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Ukraine dam blast ‘probably a war crime,’ but not clear-cut. Here’s why

Click to play video: 'Zelenskyy says work has ‘already begun’ on investigation of Kakhovka dam breach'
Zelenskyy says work has ‘already begun’ on investigation of Kakhovka dam breach
WATCH - Zelenskyy says work has ‘already begun’ on investigation of Kakhovka dam breach – Jun 12, 2023

Ukrainian officials are warning the country could face “years” of damage due to the destruction of the Kakhovka dam last week.

Ukraine and Russia have blamed each other for blast, which has resulted in flooding that has destroyed towns, claimed lives and ruined drinking water and irrigation systems.

Ukraine and the International Criminal Court have been investigating alleged war crimes since the full-scale conflict began on Feb. 24, 2022, and international law experts suggest another violation may have been committed with the dam’s destruction.

Click to play video: 'Thousands in Ukraine flee floods following dam collapse'
Thousands in Ukraine flee floods following dam collapse

“It seems clear to me that this was a significant structure that was not blown up by accident,” said Chris Waters, a professor with the faculty of law at the University of Windsor.

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“International humanitarian law prohibits causing damage to the environment, which is widespread, severe and long term, and it’s pretty clear that this attack and the forces it’s released have will have widespread long term and severe consequences.”

Russia blew up dam to prevent southern offensive: Ukraine

The Kakhovka dam on the Dnieper River was destroyed on June 6.

It lies in a part of the Kherson region occupied by Moscow’s forces for the past year. Ukraine holds the western bank of the Dnieper, while Russia controls the eastern side, which is lower and more vulnerable to flooding.

Ukraine Deputy Defence Minister Hanna Malier alleged that Russia blew up the dam to prevent Kyiv’s troops from advancing in the southern Kherson region. Ukrainian officials confirmed over the weekend its long-awaited counteroffensive had begun.

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Ukraine claims it has liberated village in ‘first results of counteroffensive’ against Russia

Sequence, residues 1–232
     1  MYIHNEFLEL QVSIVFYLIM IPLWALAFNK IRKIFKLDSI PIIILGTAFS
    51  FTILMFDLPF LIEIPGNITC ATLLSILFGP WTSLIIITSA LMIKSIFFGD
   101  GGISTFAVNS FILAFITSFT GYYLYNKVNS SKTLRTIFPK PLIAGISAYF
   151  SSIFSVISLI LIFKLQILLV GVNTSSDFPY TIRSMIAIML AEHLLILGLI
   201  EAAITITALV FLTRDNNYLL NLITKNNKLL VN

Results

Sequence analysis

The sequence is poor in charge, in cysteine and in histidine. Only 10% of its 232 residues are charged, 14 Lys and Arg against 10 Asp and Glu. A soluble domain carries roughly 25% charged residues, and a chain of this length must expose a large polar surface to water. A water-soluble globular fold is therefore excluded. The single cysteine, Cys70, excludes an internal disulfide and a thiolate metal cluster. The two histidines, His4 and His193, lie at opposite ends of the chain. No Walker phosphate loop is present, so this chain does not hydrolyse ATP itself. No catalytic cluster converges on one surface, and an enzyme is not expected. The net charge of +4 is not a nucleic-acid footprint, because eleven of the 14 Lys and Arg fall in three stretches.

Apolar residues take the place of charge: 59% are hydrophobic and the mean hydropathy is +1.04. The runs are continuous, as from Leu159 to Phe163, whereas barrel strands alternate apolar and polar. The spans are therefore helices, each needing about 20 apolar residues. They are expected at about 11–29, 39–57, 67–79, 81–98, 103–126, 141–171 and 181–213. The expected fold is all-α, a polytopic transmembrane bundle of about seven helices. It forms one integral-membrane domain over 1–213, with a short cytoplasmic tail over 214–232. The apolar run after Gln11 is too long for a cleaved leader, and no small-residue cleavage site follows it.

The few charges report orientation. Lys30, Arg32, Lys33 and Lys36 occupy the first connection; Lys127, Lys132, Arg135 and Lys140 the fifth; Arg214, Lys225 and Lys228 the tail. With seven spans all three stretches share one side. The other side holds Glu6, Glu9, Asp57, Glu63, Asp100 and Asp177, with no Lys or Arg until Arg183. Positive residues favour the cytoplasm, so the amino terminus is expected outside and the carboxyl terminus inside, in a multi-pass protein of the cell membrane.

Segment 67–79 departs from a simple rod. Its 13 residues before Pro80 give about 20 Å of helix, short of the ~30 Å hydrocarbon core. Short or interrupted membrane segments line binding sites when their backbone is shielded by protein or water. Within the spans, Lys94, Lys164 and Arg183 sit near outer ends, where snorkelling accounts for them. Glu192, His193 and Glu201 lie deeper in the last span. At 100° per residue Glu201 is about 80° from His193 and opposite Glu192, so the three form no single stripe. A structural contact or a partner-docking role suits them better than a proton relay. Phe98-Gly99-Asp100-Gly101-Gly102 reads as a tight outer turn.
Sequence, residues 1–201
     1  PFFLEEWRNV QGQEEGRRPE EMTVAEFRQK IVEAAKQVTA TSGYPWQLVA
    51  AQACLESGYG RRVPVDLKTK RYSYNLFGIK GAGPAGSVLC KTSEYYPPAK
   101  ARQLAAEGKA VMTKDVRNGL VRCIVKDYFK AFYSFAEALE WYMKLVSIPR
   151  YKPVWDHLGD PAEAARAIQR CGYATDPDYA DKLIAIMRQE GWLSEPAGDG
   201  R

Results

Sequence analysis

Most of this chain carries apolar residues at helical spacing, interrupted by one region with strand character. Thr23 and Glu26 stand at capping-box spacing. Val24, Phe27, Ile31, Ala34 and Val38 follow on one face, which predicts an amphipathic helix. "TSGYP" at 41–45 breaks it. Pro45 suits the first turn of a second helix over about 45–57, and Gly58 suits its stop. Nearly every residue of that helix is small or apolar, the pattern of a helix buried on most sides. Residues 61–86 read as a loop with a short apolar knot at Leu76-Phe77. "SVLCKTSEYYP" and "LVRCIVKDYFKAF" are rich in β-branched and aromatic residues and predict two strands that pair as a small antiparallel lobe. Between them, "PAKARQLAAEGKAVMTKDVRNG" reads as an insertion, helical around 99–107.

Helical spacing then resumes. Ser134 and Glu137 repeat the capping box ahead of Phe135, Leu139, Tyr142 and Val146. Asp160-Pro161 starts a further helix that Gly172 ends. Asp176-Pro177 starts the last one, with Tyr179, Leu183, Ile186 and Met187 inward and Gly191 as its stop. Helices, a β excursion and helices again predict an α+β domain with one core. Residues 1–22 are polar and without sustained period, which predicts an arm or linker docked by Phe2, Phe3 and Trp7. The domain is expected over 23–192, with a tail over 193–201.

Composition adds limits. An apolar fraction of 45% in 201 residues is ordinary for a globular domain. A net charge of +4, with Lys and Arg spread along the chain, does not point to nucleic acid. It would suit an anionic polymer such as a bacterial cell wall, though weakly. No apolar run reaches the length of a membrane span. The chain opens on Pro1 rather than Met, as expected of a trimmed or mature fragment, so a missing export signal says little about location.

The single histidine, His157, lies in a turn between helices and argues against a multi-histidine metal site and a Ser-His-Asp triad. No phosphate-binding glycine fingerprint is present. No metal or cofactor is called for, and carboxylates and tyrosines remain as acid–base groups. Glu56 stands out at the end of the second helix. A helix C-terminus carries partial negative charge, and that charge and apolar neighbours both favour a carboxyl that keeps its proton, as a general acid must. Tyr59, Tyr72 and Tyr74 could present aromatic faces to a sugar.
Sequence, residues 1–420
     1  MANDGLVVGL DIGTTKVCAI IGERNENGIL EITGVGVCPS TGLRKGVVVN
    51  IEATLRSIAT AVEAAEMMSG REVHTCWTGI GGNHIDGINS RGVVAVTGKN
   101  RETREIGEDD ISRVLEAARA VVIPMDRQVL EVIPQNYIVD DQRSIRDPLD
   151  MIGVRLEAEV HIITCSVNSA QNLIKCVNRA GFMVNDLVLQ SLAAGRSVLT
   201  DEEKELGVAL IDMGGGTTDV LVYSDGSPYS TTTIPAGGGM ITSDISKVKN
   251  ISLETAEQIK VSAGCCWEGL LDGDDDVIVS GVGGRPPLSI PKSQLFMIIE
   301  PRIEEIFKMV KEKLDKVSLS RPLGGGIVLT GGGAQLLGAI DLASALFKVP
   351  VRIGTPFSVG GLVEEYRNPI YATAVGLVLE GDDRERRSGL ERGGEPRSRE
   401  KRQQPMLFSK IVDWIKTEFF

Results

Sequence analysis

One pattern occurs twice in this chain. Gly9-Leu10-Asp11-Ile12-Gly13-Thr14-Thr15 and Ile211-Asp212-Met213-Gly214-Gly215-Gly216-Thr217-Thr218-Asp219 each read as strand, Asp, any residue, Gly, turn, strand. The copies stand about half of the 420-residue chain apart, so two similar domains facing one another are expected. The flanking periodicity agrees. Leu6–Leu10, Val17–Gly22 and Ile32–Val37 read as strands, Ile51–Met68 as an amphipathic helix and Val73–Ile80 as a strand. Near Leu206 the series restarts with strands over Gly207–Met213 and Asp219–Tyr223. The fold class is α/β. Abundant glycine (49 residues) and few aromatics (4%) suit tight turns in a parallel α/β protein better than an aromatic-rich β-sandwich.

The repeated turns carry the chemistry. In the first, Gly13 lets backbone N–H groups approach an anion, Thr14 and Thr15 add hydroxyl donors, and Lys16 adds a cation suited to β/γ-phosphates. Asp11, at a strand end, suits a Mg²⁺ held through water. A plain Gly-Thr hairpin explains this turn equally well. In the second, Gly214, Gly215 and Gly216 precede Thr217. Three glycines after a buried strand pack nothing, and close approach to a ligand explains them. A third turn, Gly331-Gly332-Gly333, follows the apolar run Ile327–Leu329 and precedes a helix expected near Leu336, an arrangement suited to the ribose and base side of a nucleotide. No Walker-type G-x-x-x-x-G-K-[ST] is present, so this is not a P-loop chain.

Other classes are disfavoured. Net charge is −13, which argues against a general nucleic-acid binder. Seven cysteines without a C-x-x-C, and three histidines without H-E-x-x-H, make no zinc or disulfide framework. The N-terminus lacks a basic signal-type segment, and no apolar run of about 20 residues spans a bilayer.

Ukraine has accused Russian forces of blowing up the dam from inside its associated hydroelectric power station. Moscow has blamed the destruction of the dam on Kyiv.

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Malier said the action was also aimed at helping allow the deployment of Russian reserves to the Zaporizhzhia and Bakhmut areas.

Ukraine’s security service said it had intercepted a phone call allegedly claiming a Russian “sabotage group” blew up the hydroelectric station and dam.

Norway’s research foundation NORSAR said that data collected from regional seismic stations showed clear signals of an explosion, while U.S. spy satellites detected an explosion at the dam, a U.S. official told The New York Times.

Is blowing up the dam a war crime?

The 1949 Geneva Convention’s subsequent protocols specifically cover attacks on “installations containing dangerous forces,” such as hydroelectric dams.

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There is no mention of dams in the 1998 founding statute of the International Criminal Court, but it does prohibit “intentionally launching an attack in the knowledge that such attack will cause incidental loss of life or injury to civilians or damage to civilian objects or widespread, long-term and severe damage to the natural environment, which would be clearly excessive in relation to the concrete and direct overall military advantage anticipated.”

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Click to play video: 'Ukraine dam collapse: Kherson residents evacuated, face lack of drinking water'
Ukraine dam collapse: Kherson residents evacuated, face lack of drinking water

Claude Emanuelli, a former professor with the faculty of law at the University of Ottawa and author of the ebook, The War in Ukraine and the Law, told Global News it’s not clear-cut whether the dam’s destruction is a war crime.

“Yes, a basic idea is that it’s probably a war crime, but it’s not enough to just decide it like this. It has to be looked into carefully,” he said.

Emanuelli said international law contains a “condition,” which is that the consequences must be “excessive” in relation to the military advantage anticipated by the attackers.